Football will emerge from its enforced hiatus into a very different landscape in the coming months, but of the raft of potential post-coronavirus changes one stands out as being among the most palatable: a ban on spitting.

Football’s scourges are multitude, from the truly malignant such as lingering racism to the more banal such as the petty gamesmanship players so often stoop to.  

Spitting, though, is one footballing affliction that has always seemed among the most wantonly needless.  

It’s as if when slipping on a pair of boots, professional footballers the world over take on an uncontrollable urge to eject gobfuls of bile as far and wide as they possibly can, marking their territory from goal line to goal line and corner flag to corner flag.  

Sometimes it’s aided and abetted by fluids from water bottles, briefly ingested before being flung right back out; sometimes it’s a cheeky side-spit through gritted teeth before resuming play; sometimes, and most egregiously, it’s wads of phlegm being hoicked up from a footballer’s inner depths and then flobbed out onto the itch.  

From Rooney to Ronaldo, from Messi to Mbappe, footballers are all at it. 

Some players can’t even stop at spitting on the pitch, instead launching germ-filled mouthfuls at each other.

The Netherlands’ Frank Rijkaard – a man by most accounts fitting the very definition of a ‘cultured’ midfielder – is widely remembered for one of the most spectacularly shameful spitting incidents in football history, spraying repeatedly into the permed hair of West Germany’s Rudi Voller as the pair were sent off at the Italia ’90 World Cup.

But Rijkaard is far from the only player to stoop so low down the years. 

Footballers’ phlegm-filled habits occasionally follow them long after they have hung up their boots, as evidenced by former Liverpool defender Jamie Carragher’s infamous response to a rival fan goading him in his car.

Carragher’s playing instincts instantly kicked in as he lowered the window and unleashed a liberal dose of bile at the offending fan’s young daughter in the passenger seat. 

Nor is spitting a footballing fixation confined to the pitch; bafflingly, it also extends to the touchline, where even men as unwaveringly suave as Jose Mourinho can’t resist rising from the dugout to expectorate mid-match – in Mourinho’s case usually facilitated by a gobful of water from a nearby bottle. 

So it comes as welcome news that when football does finally resume after the Covid-19 chaos, FIFA are considering sanctioning players who spit here there and everywhere, for fear of potentially spreading coronavirus.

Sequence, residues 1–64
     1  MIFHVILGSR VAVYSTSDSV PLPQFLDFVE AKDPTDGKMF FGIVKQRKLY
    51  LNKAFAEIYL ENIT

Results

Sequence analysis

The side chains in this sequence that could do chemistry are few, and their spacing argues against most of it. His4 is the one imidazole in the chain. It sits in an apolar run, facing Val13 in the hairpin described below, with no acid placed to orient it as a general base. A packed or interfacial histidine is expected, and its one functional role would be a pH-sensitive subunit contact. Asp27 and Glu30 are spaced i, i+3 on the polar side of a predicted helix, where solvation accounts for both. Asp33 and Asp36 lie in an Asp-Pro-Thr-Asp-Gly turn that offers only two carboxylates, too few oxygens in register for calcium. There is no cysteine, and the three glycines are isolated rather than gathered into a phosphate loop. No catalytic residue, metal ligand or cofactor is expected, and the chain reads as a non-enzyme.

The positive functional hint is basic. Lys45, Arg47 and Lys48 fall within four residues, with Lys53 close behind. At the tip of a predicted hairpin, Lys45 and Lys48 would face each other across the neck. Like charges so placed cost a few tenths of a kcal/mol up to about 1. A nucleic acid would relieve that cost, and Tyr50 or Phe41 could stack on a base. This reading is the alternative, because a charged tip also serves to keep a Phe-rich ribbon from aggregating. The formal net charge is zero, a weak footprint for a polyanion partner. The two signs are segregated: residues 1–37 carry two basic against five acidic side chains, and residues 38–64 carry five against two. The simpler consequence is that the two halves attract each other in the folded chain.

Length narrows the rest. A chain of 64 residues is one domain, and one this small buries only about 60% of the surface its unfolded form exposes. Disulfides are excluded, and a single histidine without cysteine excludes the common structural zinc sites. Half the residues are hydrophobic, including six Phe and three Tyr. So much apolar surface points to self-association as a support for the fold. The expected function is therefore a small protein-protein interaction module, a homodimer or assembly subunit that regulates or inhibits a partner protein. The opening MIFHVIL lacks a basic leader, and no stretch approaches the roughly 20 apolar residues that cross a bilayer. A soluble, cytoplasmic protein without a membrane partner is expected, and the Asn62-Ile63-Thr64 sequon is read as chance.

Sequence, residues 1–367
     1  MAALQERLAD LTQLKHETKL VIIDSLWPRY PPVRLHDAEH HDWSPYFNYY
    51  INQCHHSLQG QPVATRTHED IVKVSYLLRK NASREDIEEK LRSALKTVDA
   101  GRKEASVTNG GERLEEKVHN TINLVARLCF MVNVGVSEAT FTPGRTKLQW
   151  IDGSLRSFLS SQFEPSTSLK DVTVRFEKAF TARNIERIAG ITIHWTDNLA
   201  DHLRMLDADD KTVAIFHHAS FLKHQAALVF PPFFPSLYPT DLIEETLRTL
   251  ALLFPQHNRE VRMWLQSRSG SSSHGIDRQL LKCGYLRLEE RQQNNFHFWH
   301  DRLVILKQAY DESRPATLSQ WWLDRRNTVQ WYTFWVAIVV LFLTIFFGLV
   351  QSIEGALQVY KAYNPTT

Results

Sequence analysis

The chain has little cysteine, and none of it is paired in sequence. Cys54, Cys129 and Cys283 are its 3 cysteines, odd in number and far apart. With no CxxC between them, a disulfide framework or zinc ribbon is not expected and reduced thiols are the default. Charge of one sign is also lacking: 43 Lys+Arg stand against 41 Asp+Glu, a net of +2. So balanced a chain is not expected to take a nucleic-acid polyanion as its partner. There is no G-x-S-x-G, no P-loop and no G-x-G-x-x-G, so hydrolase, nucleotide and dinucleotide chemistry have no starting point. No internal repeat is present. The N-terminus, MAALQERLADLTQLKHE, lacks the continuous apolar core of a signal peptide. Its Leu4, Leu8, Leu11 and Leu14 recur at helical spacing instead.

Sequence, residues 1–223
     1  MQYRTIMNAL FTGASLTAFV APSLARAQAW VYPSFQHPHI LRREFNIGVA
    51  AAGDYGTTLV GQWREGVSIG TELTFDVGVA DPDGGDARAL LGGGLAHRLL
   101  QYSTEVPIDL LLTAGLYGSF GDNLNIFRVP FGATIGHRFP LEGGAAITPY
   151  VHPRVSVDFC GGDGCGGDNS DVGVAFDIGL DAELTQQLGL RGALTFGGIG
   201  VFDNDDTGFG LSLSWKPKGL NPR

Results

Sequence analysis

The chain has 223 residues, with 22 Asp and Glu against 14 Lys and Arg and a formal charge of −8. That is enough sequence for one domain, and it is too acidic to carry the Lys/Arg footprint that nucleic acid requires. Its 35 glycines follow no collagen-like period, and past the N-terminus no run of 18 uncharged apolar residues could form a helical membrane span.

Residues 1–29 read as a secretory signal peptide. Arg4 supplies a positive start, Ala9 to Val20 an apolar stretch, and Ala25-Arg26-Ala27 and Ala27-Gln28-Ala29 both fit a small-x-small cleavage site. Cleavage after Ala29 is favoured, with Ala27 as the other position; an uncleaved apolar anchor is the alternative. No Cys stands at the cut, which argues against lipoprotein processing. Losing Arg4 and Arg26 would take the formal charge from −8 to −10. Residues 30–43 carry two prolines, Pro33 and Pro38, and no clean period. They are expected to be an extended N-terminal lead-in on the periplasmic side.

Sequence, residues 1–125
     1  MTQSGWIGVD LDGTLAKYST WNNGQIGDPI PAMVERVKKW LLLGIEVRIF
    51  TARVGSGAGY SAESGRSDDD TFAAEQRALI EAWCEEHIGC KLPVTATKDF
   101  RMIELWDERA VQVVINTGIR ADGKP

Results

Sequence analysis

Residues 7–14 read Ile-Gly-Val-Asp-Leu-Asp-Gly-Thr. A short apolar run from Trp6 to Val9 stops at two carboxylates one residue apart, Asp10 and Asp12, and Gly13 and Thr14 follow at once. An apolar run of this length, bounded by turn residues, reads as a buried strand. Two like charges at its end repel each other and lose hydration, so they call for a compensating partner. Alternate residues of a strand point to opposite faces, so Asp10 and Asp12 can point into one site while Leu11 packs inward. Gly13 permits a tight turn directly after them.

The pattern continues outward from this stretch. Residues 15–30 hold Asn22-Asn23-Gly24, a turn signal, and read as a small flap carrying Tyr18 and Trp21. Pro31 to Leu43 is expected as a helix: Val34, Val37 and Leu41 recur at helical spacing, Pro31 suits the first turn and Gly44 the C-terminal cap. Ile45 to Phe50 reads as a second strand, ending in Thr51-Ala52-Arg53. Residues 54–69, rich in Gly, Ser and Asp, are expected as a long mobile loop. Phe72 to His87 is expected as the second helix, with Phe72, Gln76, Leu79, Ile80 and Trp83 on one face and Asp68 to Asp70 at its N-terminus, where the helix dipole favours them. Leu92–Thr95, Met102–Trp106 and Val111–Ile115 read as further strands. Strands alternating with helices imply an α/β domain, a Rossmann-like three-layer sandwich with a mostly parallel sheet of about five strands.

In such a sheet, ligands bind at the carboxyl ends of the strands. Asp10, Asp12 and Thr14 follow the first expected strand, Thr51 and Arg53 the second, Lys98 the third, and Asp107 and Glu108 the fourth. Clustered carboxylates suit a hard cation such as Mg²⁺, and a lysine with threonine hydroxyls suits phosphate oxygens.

Speaking on the potential punishments, FIFA’s Medical Committee chairman Michel D’Hooghe said: “[Spitting] is a common practice in football and it is not very hygienic.

“So when we start football again I think we should have to avoid that at the maximum. The question is whether that will be possible. Perhaps they can give [players] a yellow card.

“It is unhygienic and a good way to spread the virus. This is one of the reasons why we have to be very careful before we start again.”

Spot on. 

The question of whether footballers even need to be spitting so much in the first place is one that has been taken to scientific levels, with the go-to excuse being that exercise supposedly increases the levels of protein secreted into saliva, making the mucus thicker and thus compelling it to be expelled from the body, as footballers are so wont to do.  

There is also the ingenious method of ‘carb-rinsing’ by which footballers can supposedly benefit by swilling sugary sports drinks around their mouths before spitting them out, stimulating the brain into thinking it has consumed energy and increasing alertness with better results than actually swallowing the drink.

Players must have thought Christmas had come early when handed that particular license to spit from their medical teams. 

But even that begs the question: does the specific exertion in football somehow lend itself to players needing to expunge their bodily fluids quite so readily?

After all, marathon runners seem to manage just fine without leaving a steady stream of bile behind them for 42 kilometers. Likewise basketball players, for example, or practitioners of countless other indoor and outdoor physical pursuits.     

Apart from baseball, there seems no other sport in which the protagonists are compelled to spit with quite such ferocity and frequency as footballers.

So flippant as it may seem, of all the changes brought about in football by the Covid-19 crisis – good and bad, big and small – we may at least glimpse the chance to have a game less drenched in the saliva of those who play it. 

The fact that we need a global pandemic of biblical proportions to tell footballers what they should really already know about their hygiene habits may seem dramatic, but sadly appears to be the case. 

By Liam Tyler